The Pope in Brazil

Much of the Catholic world turns its attention this month to the Brazilian town of Aparecida, where the fifth General Conference of the Latin American and Caribbean Episcopates takes place from May 13 to 31. Pope Benedict XVI is making his first visit to the Americas as pope to open the conference, the first of the new millennium. The hopes of many ride on this meeting, hopes that it will be, in its own way, as important as the watershed conference in 1968 in Medellín, Colombia.



Aparecida is a small city located roughly halfway between Rio de Janeiro and São Paulo, Brazil. Its enormous basilica, which accommodates several thousand, is where the image of Our Lady of Aparecida, patroness of Brazil, is venerated. In 1717 three poor fishermen pulled out of the waters of the Paraíba River a very small statue of the Blessed Mother. At first the people gave her the title “Our Lady of the Immaculate Conception,” but changed it later to the popular name “Aparecida.” In 1930 Pope Pius XI declared Our Lady of Aparecida to be Brazil’s queen and patroness.

In addition to the basilica, the huge plaza (inspired by the piazza of St. Peter’s in Rome) outside it can accommodate more than a million people. Since the pope will celebrate the opening Mass of the conference, the space may prove ideal. Since Aparecida has no major airport, delegates and others must travel from the closest international airport near São Paulo. The few hotels available are small, made to accommodate the many pilgrims who flock to Aparecida for one-day visits.

Hoping to Reverse a Decline in Catholic Practice

It has been 15 years since the last general conference, which was held in Santo Domingo in 1992. Prior conferences took place in Rio de Janeiro in 1955; Medellín in 1968; and Puebla in 1979. This time everyone is aware of a crisis facing the Latin American church: many Catholics are abandoning their practice of Catholicism and are being absorbed into evangelical, often Pentecostal, groups. The decline of Catholicism in Latin America is especially acute in Brazil, which is perhaps one of the main reasons it was chosen as the conference site. Some hope the symbol of Our Lady of Aparecida will help to reverse the declining numbers. A grand continental mission will take place after the conference.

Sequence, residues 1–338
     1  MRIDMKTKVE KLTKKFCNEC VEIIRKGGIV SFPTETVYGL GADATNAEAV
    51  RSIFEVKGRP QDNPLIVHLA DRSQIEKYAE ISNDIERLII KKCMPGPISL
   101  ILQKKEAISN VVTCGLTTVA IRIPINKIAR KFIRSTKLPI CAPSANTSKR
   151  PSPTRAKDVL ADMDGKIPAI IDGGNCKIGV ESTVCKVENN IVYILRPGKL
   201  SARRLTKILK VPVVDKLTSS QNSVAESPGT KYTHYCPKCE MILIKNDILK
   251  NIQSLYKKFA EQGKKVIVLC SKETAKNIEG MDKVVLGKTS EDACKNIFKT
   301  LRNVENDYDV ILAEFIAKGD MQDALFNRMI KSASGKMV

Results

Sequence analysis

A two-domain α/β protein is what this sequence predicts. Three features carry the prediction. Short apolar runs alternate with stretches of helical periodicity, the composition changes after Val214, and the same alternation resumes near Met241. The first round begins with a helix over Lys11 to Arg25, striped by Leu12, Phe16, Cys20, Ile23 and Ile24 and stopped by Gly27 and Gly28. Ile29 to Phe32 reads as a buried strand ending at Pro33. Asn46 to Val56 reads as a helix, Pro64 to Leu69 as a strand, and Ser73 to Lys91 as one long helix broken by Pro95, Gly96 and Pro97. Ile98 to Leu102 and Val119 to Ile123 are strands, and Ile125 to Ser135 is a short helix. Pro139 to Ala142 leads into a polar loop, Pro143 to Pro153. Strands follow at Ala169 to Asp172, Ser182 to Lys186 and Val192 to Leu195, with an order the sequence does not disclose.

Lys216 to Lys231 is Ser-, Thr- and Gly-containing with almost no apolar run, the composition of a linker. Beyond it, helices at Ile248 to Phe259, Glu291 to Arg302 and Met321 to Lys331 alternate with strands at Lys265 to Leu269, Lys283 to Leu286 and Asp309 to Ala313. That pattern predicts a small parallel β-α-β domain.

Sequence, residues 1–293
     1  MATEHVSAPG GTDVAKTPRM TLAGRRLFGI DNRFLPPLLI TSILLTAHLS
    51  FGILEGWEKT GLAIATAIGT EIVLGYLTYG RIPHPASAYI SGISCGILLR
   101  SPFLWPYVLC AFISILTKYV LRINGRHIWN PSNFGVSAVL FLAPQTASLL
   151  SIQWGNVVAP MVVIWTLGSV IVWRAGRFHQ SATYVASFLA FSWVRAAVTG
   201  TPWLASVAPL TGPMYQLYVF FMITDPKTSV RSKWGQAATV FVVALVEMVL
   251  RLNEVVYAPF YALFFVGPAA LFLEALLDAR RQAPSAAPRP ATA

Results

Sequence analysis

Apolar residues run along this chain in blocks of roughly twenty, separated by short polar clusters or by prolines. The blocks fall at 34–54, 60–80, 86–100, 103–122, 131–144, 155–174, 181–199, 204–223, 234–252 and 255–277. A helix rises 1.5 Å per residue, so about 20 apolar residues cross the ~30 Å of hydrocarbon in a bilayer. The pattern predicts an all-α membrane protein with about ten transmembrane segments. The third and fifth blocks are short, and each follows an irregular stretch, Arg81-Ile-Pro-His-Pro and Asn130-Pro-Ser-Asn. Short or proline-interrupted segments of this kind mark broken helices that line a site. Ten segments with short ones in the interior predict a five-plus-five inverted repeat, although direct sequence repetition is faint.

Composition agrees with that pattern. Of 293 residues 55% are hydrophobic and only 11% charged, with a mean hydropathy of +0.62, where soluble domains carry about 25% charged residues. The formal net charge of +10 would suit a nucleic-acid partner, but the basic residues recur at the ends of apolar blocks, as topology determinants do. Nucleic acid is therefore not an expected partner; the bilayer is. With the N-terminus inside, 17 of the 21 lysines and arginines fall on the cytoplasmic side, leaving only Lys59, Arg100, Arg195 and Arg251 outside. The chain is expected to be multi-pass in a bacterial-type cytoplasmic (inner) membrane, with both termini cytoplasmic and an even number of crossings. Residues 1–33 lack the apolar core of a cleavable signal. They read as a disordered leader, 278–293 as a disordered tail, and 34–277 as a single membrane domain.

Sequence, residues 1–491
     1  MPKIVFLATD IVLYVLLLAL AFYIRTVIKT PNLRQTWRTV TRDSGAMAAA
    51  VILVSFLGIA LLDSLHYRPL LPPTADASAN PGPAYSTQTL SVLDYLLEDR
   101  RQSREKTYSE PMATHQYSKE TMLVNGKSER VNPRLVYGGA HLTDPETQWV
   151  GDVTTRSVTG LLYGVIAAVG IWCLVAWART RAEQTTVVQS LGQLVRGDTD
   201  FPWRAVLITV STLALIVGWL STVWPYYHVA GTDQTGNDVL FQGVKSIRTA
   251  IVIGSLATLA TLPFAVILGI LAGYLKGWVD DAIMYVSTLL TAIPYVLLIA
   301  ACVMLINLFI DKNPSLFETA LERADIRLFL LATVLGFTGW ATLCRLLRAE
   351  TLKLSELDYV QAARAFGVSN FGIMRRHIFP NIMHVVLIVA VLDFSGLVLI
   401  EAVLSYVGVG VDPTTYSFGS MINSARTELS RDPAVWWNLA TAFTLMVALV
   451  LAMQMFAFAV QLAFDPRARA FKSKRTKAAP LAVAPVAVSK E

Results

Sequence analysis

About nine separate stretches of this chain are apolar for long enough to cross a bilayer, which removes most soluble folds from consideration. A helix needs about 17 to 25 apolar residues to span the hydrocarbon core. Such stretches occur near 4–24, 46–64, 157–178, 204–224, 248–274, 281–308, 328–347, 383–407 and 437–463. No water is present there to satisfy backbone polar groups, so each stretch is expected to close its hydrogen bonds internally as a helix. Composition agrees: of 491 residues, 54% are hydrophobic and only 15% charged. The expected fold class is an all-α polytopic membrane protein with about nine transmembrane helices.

The bishops of Latin America are pleased that a conference, not a synod, is being held. They also applaud the pope’s decision to hold the event in Latin America, not in Rome. The title of the conference is: “Disciples and Missionaries of Jesus Christ, So That Our People May Have Life in Him. I am the Way, the Truth and the Life” (John 14:6). The Holy Father had a hand in the wording. To the proposed title,“Disciples and Missionaries of Jesus Christ, So That Our People May Have Life,” the pope added “in Him,” giving it a Christological emphasis. The two-pronged theme, discipleship and mission, has its source in the New Testament and is eminently pastoral. Mission is a strong ecclesiological concept in the documents of the Second Vatican Council, which designate the church as being essentially missionary.

A Role for the U.S. and Canada

Some 260 delegates will represent the bishops’ conferences of every country in Latin America and the Caribbean. For the first time the presidents of the U.S. and Canadian conferences will attend, not as observers (as they have done in the past), but with both voice and vote. This follows the spirit of the Synod for America and John Paul II’s apostolic exhortation, Ecclesia in America, which recognizes a significant Hispanic presence in the United States. As a Mexican bishop noted during a CELAM-U.S.C.C.B. preparatory meeting, the United States is included partly (1) because there are so many Latin Americans in the United States, (2) because the United States exerts strong influence in Latin America and (3) because we seek to break down borders and barriers among us. The U.S. Conference of Catholic Bishops has been asked to send three additional bishops who will not vote but will have voice at the meeting. Among those attending will be Bishop William Skylstad, of Spokane, president of the U.S.C.C.B.; Bishop Plácido Rodríguez, C.M.F., of Lubbock, chairman of the bishops’ Committee on Hispanic Affairs; and Bishop Jaime Soto, of Orange, chairman of the bishops’ Committee on the Church in Latin America. I have been asked to be part of the delegation, since I have served as the U.S. representative on the preparatory commission.

Hopes and Expectations